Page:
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Lavergne v. Cain

United States District Court, W.D. Louisiana, Lafayette Division

April 10, 2018


         SECTION P

          WALTER, JUDGE



         Before the court is a petition for writ of habeas corpus and final amended memorandum in support thereof [docs. 1, 46] filed by Brandon Scott Lavergne (“petitioner”), who is represented by counsel in this matter. The petitioner is an inmate in the custody of the Louisiana Department of Public Safety and Corrections and is currently incarcerated at the Louisiana State Penitentiary at Angola, Louisiana. N. Burl Cain (“respondent”), former warden at Angola, opposes the petition. Doc. 67. The petitioner has adopted his reply to a previously-filed answer as his final reply. Docs. 82, 83. Accordingly, the matter is now ripe for review.

         This matter is referred to the undersigned for review, report, and recommendation in accordance with 28 U.S.C. § 636 and the standing orders of the court. For the following reasons IT IS RECOMMEDED that the petition be DENIED and DISMISSED WITH PREJUDICE.



         A. Conviction

         The petitioner was charged by bill of indictment on July 18, 2012, with two counts of first degree murder in the Fifteenth Judicial District Court, Lafayette Parish, Louisiana. Doc. 80, att. 1, p. 82. The first count related to the murder of Lisa Pate on or about July 3, 1999, and the second to the murder of Michaela Shunick on or about May 19, 2012. Id. On August 17, 2012, he appeared with counsel at a change of plea hearing. Id. at 16-17; doc. 80, pp. 82-84. At this hearing he presented no challenge to the accuracy of facts offered by the state concerning both murders. Doc. 80, pp. 70-75 (Pate) and 75-83 (Shunick).

         The terms of the plea arrangement, in which the petitioner had agreed to assist the state with certain tasks, the state had agreed not to seek the death penalty, and the petitioner consented to sentences of life imprisonment without parole and waived his right to a sentencing hearing, were entered into the record. Id. at 83-88. The court then accepted the petitioner's guilty pleas as to both counts and imposed two concurrent sentences of life imprisonment without benefit of probation, parole, or suspension of sentence. Id. at 88.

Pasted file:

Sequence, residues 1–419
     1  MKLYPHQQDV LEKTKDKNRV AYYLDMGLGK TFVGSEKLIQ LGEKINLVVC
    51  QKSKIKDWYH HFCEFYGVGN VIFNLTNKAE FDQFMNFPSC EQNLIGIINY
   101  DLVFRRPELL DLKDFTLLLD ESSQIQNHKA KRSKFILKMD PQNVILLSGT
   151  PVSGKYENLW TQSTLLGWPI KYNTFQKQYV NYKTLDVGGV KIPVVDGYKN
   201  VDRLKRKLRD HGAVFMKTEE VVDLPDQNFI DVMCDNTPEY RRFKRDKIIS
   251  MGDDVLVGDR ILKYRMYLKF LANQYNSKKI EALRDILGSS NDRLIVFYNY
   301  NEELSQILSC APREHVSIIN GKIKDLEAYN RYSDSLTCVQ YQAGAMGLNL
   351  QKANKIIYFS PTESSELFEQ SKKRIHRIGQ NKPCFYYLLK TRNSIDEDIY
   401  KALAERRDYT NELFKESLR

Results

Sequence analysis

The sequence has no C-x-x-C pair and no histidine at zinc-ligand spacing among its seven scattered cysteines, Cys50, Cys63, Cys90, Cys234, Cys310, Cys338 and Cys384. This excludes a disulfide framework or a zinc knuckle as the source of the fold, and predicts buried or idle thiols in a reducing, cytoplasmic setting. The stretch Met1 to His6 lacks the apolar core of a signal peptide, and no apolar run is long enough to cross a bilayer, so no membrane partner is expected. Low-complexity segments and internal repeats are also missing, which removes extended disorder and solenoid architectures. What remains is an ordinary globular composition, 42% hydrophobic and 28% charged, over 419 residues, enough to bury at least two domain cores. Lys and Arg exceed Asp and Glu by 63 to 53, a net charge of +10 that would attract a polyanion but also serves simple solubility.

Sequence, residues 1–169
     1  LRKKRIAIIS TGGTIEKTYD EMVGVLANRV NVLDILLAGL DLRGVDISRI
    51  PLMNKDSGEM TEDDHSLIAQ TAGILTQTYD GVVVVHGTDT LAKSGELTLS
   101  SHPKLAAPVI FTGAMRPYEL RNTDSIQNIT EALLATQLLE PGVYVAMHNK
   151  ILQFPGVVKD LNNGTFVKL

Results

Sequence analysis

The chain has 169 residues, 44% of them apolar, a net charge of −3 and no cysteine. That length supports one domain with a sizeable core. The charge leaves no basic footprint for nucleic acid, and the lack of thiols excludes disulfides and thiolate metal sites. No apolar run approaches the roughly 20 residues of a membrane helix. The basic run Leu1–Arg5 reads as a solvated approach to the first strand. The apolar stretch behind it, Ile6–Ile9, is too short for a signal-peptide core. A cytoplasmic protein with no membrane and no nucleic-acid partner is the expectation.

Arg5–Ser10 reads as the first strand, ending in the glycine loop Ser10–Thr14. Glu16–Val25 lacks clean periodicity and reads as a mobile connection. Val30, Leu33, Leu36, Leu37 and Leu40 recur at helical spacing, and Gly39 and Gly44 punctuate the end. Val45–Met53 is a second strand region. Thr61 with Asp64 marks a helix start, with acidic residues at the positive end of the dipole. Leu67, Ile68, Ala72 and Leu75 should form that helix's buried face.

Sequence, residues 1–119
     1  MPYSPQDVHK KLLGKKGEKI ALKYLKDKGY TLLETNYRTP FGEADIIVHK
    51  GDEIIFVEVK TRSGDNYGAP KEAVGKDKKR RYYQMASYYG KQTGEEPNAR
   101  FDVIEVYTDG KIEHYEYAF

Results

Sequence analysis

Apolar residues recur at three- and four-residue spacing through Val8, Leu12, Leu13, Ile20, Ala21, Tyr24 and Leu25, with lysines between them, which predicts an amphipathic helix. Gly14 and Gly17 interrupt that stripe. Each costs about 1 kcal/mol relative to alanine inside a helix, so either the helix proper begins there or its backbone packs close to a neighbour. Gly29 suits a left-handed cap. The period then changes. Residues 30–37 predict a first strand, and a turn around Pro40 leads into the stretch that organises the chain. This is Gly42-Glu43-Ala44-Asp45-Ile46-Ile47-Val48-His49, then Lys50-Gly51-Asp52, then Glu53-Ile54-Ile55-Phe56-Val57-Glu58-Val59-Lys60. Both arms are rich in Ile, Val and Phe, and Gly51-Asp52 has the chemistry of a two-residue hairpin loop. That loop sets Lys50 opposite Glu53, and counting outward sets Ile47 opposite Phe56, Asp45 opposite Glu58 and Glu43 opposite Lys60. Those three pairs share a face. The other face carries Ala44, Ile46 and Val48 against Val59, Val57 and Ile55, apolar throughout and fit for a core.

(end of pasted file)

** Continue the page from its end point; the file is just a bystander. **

B. State Collateral Review

         The petitioner did not file a direct appeal and instead began seeking collateral review through a pro se application for post-conviction relief, filed in the state district court on December 18, 2012, with a supplemental memorandum filed on January 2, 2013. See doc. 80, att. 1, pp. 3-5 (original application); doc. 80, pp. 23-33 (supplemental memorandum). This application was rejected by the court as improperly filed. Doc. 80, pp. 34-35. The petitioner then filed an application for post-conviction relief, received in the trial court on or about February 7, 2013, and denied by the state district court with written reasons. See doc. 25, att. 2, pp. 7-23; doc. 79, pp. 57-66. In its ruling the state district court found that he had raised claims relating to the court's jurisdiction, the voluntariness of his plea, the Freedom of Information Act, and ineffective assistance of counsel. Doc. 79, pp. 57-58. However, petitioner maintains that he also raised a claim of excessive sentence within his claim challenging the voluntariness of his plea. See doc. 25, att. 2, pp. 18-20.